Allergy free milk produced by cloned cow

Allergy free milk could soon become a reality after New Zealand scientists successfully produced hypoallergenic milk by using a genetically modified cow.

In a world-first breakthrough, New Zealand’s largest research institute AgResearch has bred the first cow in the world able to produce high-protein milk with reduced amounts of beta-lactoglobulin (BLG), a whey component known to cause allergic reactions.

"It's a very significant result," the institute's research director Dr Warren McNabb said.

Further studies on the milk is needed before it can be tasted by humans, but McNabb said it could eventually be produced commercially and marketed as a low allergy substitute.

"If this milk is to be hypoallergenic, as we suspect it will be, then we've got to get over the hurdle of social acceptance of this type of technology before you can then apply it in the national herd.”

"It's going to come down to what this country decides. It's more of a social issue than a scientific one."

The researchers from the University of Waikato and AgResearch in Hamilton have been working on the project since 2006 and first found success using mice. They then produced Daisy using a technique called ‘RNA interference’ which basically inhibits the expression of the BLG protein.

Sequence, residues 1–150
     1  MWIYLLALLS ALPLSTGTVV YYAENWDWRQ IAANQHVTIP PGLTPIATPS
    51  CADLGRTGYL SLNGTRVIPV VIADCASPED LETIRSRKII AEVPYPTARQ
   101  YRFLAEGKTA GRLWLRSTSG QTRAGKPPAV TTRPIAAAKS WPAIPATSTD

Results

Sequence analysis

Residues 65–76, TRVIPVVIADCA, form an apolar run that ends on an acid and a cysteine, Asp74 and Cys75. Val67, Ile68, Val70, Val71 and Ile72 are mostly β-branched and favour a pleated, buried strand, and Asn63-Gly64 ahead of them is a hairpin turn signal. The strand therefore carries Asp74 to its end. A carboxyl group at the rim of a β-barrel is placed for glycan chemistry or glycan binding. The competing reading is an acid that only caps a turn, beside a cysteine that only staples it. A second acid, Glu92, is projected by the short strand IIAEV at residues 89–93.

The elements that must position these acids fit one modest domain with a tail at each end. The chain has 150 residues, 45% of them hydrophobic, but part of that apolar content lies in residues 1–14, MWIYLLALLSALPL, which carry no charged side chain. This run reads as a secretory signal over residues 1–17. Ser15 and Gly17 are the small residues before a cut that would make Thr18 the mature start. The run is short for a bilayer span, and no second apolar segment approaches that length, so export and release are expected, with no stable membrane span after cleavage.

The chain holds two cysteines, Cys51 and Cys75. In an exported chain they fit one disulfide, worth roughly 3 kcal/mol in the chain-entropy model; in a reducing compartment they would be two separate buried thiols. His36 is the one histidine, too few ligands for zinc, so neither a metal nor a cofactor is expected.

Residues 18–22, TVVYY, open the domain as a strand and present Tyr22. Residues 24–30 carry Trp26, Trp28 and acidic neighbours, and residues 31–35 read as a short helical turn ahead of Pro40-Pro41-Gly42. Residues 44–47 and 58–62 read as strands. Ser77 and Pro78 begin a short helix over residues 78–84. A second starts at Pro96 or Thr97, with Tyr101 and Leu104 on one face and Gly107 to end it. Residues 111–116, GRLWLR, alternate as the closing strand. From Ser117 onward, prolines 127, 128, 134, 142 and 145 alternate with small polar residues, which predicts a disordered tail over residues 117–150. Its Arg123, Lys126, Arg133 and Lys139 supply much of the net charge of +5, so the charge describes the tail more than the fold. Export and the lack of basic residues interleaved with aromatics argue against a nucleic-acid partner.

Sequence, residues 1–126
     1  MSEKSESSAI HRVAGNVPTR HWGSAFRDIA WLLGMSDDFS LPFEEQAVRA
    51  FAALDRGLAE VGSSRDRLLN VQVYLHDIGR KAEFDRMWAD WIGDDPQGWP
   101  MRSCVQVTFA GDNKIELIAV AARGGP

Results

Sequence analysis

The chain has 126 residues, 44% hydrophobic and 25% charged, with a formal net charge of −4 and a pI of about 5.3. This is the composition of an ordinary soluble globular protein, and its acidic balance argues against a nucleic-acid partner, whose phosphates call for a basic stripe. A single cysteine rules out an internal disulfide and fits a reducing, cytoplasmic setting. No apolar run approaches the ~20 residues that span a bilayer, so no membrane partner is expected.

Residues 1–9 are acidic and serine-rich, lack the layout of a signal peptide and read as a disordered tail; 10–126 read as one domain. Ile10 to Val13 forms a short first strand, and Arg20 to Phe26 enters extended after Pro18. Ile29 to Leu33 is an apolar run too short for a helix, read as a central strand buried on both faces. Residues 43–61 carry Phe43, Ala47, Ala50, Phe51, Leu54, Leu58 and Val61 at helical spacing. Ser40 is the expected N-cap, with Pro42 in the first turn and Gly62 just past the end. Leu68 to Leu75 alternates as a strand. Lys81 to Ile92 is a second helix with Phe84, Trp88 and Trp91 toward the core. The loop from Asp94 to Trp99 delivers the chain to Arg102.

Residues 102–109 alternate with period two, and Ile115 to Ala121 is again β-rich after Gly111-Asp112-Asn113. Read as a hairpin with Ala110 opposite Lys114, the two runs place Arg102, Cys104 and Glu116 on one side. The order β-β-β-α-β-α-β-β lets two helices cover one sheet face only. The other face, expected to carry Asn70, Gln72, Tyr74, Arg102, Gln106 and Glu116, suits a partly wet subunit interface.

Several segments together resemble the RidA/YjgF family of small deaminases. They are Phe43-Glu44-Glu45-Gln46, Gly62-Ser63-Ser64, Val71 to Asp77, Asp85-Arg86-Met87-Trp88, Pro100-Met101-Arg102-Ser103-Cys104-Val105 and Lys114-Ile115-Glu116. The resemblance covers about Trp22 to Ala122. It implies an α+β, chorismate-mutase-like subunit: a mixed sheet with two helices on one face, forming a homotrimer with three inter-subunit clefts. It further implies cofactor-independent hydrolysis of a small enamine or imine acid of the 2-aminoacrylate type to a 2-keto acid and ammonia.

Next steps for the project include breeding from Daisy and producing more cows like her to see if the same results can be reached.

However GE Free New Zealand has slammed the research calling it a ' "frightening development not a breakthrough".

"This is a depraved macabre experiment that is the worst type of animal cruelty," GE Free New Zealand president Claire Bleakley said.

Bleakley called on the New Zealand Ethics Board to shut down the research "immediately".

"AgResearch after 12 years of failure and hundreds of dead embryos has developed one calf, expressing less [BLG] than normal milk cows.

''BLG is an essential part of milk. It lowers blood pressure … It is essential for healthy digestion, immune system function and the formation of healthy bones skin, teeth and muscle development."

Work to reduce the allergens in milk and other products is also underway in Australia with research at the University of New South Whales aimed at altering the properties of the allergenic proteins.

As Food Magazine reported in May, the food allergy research group at UNSW, led by Dr Alice Lee, is working towards developing nano-sensors that can better detect allergens in food and indentify how these allergens change after harvest during food processing, and eventually result in an adverse reaction when consumed by humans.

“Food allergy has been an emerging food safety concern especially in developed countries,” Lee, a senior lecturer in Food Science and Technology, said.

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